Lord Dechantagne sat across the desk from Father Galen. The Priest was into his sixties now and was starting to look it. His hair had long ago turned to grey, but he still had the kindly face that those of Augie’s generation had always known. For them, it was as much a symbol of the church as the crucifix.
“Thank you very much for the donation,” said Father Galen. “The purchase of land for a car park will allow more of our members to attend, and will probably improve safety as well.”
“Precisely why I don’t consider it a donation,” said Augie. “It’s more of an investment in the colony.”
“I am a little bit surprised. I know you’ve been attending church here with your family all your life, but I rather expected you to devote your attentions to the shrine.”
“I hope you won’t be insulted if I tell you I’ve given the shrine a similar donation, for a similar purpose,” said Augie. “While it’s true that my mother is Zaeri, the Dechantagne’s have always been strong supporters of the Church of Kafira, if not always notably devout.”
“Well, you know my mind on the matter,” said Father Galen. “Interfaith cooperation can only be good for the people of Birmisia Colony.”
“Then we are in agreement.”
There was a knock at the door, and one of the church acolytes stepped inside and presented the father with a note on a silver tray.
“It’s from Mr. Clipers, the Zaeri Imam.”
“Timely,” said Father Galen, picking up the note and reading. A frown crossed his face. “He asks me to come to the Tice home at Citizen Street. He says it’s an emergency.”
“I’ll drive you,” said Augie, jumping up. “That’s Ascan’s house.”
“Friend of yours?” asked the priest, grabbing his sick call kit and the Holy Scriptures.”
“I know him from shrine. His sister is Iolana’s best gal pal.”
Twenty minutes later, they were pulling up in front of the Tice home. It was a small cottage less than a quarter mile from the Zaeri Shrine. Hurrying inside, they found a dozen friends and family in the parlor, all looking pale and drawn. Ascan Tice met them and practically dragged the priest through a doorway to a back room.
“Willa, what’s going on?” the young lord asked Ascan’s sister, a beautiful twenty-eight year old woman with long flowing raven hair.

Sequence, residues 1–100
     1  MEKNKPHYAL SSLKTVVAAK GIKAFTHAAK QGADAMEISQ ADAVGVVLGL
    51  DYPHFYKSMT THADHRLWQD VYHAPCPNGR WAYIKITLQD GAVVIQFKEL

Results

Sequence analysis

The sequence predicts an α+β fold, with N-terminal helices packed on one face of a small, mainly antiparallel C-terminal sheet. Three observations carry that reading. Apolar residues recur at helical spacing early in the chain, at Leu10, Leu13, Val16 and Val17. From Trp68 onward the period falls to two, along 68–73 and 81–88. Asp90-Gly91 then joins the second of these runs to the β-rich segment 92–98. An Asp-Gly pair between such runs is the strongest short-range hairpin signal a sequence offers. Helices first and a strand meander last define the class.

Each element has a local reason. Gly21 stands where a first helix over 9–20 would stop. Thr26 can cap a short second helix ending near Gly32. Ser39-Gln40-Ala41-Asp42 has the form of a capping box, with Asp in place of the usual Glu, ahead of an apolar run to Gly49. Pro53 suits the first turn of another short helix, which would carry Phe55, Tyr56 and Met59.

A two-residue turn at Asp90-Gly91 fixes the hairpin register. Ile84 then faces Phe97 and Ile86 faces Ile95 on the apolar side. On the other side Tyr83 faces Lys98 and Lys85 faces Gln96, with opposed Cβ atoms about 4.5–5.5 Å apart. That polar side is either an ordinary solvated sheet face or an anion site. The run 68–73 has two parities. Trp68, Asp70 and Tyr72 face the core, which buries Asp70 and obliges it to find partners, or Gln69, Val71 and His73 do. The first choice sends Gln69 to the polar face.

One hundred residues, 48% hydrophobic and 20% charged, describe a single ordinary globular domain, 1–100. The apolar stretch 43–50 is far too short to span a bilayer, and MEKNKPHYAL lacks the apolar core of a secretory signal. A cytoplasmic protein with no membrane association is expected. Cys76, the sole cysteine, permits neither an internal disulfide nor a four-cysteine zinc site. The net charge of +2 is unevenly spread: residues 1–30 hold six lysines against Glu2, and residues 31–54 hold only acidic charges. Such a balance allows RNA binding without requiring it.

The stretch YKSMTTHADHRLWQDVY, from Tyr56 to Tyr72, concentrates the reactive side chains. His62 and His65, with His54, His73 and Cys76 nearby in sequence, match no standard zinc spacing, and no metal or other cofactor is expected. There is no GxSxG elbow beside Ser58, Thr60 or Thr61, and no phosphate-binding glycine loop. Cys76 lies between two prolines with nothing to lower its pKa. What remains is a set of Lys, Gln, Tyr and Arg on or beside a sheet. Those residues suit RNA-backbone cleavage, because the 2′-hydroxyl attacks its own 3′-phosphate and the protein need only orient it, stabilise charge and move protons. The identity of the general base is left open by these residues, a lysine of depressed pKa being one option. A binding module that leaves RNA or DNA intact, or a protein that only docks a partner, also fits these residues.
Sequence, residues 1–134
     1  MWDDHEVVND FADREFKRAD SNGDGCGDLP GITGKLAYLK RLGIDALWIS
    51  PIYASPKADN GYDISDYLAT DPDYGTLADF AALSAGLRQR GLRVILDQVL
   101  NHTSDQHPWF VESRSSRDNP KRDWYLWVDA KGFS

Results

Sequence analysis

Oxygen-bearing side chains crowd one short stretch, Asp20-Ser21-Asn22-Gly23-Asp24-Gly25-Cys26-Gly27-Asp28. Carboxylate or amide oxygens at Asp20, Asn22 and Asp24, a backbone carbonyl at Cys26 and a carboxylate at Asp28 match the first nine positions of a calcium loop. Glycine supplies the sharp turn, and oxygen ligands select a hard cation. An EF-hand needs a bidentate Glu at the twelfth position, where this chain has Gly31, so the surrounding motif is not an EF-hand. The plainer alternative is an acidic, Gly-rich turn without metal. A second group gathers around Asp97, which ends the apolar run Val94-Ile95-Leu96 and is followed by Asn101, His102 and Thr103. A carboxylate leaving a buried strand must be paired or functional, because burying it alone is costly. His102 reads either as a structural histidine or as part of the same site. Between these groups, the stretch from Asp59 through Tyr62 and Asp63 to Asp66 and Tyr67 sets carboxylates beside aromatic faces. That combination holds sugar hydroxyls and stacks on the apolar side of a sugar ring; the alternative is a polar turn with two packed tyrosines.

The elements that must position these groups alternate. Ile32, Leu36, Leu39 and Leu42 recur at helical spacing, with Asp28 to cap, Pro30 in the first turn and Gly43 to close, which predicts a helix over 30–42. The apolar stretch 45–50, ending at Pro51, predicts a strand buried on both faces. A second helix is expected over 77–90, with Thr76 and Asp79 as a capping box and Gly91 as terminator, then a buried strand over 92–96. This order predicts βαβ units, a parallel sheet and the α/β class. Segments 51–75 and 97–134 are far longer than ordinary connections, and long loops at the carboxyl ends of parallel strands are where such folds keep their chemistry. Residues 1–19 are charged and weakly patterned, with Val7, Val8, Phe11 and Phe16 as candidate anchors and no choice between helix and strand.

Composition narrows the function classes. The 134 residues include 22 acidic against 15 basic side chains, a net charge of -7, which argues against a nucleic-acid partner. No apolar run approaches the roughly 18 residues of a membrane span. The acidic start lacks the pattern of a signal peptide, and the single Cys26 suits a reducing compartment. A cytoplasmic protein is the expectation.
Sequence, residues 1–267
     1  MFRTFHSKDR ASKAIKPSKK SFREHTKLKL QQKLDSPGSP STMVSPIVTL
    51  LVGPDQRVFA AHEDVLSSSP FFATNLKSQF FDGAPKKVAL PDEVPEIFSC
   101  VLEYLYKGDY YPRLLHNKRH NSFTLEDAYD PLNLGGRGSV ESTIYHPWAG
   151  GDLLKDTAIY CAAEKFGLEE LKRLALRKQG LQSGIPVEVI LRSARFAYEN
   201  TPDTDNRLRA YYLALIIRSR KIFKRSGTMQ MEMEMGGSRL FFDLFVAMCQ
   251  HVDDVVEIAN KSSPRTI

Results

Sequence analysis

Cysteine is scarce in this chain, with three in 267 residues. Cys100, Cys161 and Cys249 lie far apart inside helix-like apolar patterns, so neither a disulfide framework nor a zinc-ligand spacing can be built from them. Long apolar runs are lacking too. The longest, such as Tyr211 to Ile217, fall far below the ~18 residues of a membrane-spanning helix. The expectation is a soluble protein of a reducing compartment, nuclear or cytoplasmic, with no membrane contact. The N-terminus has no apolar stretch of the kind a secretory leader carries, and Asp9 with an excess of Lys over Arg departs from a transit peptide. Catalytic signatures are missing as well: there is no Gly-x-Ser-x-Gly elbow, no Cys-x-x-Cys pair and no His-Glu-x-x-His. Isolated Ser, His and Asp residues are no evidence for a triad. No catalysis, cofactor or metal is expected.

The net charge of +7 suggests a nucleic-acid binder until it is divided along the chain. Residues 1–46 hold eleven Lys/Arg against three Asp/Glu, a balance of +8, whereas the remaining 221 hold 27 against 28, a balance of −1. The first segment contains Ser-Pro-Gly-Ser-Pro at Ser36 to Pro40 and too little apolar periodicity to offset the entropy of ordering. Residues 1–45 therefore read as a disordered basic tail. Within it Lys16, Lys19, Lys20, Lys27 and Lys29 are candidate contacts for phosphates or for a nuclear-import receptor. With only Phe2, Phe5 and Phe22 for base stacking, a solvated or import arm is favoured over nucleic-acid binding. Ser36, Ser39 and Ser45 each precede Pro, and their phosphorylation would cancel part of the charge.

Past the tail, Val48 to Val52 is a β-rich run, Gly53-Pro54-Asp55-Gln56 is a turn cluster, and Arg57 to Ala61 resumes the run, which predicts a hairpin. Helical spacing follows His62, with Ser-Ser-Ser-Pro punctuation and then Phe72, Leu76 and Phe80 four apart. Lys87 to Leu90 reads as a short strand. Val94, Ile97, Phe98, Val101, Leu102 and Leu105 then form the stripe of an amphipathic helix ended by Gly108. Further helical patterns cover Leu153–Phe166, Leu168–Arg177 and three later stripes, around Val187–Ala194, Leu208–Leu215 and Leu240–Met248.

“Oh, Augie! It’s horrible! Noémi is so sick.”
“When did this happen? She looked fine on the Sabbath.”
“It just happened—hours ago, maybe. We were baking bread and she started to act nervous-like. Then suddenly, she broke out in cold shivers, and complained of a headache. I got her to bed and thought she could rest a bit, but when I went to check on her thirty minutes later, she was sweating buckets. And her sweat was blue.”
A frown on his face, Augie stepped back through the door the priest had gone through. In the bedroom beyond, he found the stricken woman in her bed, and just as described, she was covered in blue perspiration. Father Galen was bent over her, in the midst of casting a healing spell. Ascan knelt on the other side of the bed, weeping. Mr. Clipers looked on. Augie stepped up next to him and whispered in his ear.
“Does this blue color have something to do with her dark skin? I mean, because she’s Mirsannan?”
“No. It’s the disease. It’s called The Blue Sweat or just The Sweat.”
“How come I’ve never heard of it?”
“I don’t think anyone has seen it since the fifteenth century,” replied the Imam.
“Then how do you know about it?”
“We’re taught about it because it is the only disease known that is resistant to healing magic. I just hope Father Galen does better than I did. He is known for his healing abilities.”
At that moment, the priest finished his prayer and stood. He glanced at his Zaeri counterpart and shook his head ever so slightly.
Augie took the statuette from his pocket, clasped it tightly, and whispered “Senta.”
The sorceress appeared right in front of him, and right beside Mr. Clipers. Her pink hat just matched her pink day dress, and was tied onto her head with a wide strip of lace.
“Now?” she asked. “At tea time?”